Cybersecurity researchers have recently created a computer virus that was able to trick three radiologists into thinking their patients had cancer. The researchers were also able to fool automated screening systems by altering images and scans to place fake “tumors” on them, or by removing real tumors from actual scans which showed advanced disease. These images and scans were vulnerable because they were not digitally signed or encrypted. The researchers also found that while hospitals have done a good job in preventing the spread of confidential patient information outside their facilities, they have not done as well in handling data internally with care. This has left hospitals and other medical facilities vulnerable to intrusions by malware and other viruses that could wreak havoc on patients’ sensitive medical data.
Although it’s too early to tell what impact these vulnerabilities will have on patient care, it should be alarming to all of us on several levels. First, interpreting radiological scans requires a high level of skill and judgment in what is already a complex and nuanced process. If a patient or radiologist cannot trust the integrity of the data underlying a particular scan or image, then certainly any conclusions reached on it will be viewed with some level of skepticism. Second, as more people learn that malware and viruses can make it look like a patient has a tumor or cancer when he or she is perfectly healthy, we should expect a sharp increase in the number of patients seeking a second opinion or additional scans or tests because they do not trust the initial scan or interpretation, perhaps out of an understandable sense of grief or denial. This will cause increasing burdens and costs on an already over-burdened and expensive health care system.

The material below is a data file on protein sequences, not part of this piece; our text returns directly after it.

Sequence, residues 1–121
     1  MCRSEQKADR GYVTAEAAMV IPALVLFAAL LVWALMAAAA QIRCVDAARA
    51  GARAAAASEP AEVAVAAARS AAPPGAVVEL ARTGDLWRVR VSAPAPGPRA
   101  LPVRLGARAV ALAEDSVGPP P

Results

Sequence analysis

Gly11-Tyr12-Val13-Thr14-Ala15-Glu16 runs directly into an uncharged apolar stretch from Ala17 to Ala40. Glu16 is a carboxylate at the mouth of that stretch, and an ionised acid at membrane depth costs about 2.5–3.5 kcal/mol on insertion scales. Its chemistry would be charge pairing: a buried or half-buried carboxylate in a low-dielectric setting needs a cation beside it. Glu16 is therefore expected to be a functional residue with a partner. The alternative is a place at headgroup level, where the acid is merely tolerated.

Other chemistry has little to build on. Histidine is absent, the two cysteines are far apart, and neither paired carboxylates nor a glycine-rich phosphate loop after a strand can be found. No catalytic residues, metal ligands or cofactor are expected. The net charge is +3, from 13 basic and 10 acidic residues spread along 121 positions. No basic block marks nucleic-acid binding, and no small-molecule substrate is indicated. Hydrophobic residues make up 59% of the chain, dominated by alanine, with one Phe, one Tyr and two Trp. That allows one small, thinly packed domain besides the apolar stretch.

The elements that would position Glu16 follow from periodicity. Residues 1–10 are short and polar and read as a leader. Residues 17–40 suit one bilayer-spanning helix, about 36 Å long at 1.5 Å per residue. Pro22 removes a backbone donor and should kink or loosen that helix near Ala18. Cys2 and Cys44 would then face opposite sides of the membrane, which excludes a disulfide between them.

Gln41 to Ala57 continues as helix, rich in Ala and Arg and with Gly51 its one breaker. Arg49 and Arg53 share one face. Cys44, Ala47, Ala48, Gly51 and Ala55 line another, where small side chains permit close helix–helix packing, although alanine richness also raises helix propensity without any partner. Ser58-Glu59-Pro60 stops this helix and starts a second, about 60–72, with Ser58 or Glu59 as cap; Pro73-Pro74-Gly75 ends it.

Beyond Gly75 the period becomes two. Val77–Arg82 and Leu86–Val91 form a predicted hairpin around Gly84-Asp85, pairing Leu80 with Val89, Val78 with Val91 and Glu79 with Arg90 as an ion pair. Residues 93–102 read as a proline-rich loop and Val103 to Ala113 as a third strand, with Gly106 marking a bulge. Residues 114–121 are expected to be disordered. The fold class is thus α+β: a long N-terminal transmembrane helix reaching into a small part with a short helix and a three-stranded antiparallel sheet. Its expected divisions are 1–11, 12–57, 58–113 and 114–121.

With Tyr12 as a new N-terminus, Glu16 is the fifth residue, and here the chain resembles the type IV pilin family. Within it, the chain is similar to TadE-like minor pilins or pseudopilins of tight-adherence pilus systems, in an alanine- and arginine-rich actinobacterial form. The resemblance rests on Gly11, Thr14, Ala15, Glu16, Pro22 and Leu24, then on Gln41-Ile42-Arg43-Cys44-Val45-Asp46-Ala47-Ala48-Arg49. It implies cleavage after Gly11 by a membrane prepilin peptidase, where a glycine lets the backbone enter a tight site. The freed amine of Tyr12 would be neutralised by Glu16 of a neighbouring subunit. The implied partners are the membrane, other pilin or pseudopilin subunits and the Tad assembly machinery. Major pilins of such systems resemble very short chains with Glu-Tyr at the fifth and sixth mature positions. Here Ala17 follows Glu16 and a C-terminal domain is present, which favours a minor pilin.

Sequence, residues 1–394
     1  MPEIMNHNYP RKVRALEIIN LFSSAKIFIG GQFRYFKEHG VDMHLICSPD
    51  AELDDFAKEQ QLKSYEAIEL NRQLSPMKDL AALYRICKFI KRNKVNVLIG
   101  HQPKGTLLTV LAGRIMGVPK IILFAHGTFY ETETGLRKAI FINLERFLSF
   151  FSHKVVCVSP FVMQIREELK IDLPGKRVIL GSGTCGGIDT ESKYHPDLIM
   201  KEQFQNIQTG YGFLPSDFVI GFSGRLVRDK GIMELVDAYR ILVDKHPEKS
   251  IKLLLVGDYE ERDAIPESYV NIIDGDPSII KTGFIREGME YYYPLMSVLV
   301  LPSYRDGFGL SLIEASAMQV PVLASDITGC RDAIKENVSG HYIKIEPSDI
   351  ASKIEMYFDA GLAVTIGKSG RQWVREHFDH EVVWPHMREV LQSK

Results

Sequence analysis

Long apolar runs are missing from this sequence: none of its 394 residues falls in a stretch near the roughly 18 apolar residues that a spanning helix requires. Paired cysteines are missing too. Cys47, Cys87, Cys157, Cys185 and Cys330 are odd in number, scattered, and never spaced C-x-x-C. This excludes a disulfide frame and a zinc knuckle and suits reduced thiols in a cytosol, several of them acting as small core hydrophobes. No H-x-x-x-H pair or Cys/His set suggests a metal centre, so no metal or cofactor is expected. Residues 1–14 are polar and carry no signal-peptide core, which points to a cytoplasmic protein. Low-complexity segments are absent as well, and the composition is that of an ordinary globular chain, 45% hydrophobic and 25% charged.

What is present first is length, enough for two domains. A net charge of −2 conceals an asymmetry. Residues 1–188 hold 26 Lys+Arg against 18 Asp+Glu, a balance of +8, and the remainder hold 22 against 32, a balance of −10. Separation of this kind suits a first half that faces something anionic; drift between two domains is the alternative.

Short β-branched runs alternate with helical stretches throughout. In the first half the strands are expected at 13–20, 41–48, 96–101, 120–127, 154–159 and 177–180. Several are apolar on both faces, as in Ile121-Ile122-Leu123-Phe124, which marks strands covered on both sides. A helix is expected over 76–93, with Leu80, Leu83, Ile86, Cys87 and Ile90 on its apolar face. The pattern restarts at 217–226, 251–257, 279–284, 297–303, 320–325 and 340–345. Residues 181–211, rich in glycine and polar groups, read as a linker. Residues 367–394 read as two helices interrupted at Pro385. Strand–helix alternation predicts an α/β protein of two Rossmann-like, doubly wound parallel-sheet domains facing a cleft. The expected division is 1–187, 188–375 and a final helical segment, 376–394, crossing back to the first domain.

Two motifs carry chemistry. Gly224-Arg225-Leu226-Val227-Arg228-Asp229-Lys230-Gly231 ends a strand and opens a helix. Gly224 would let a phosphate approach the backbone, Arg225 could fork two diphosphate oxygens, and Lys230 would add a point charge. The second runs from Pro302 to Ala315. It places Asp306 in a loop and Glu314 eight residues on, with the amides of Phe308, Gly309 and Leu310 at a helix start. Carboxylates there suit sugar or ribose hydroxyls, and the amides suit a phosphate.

Finally, we should expect to see more and more hospitals threatened by ransomware and cybercriminals who demand payment in exchange for not corrupting the hospital’s radiological system. Given the stakes in play – life, death, and potentially unnecessary treatment – hospitals and other medical providers would be well-advised to plan to prevent and address these new cyberthreats in the medical landscape. For further information, please contact Attorney Brian J. Lamoureux at firstname.lastname@example.org or 401-824-5155.
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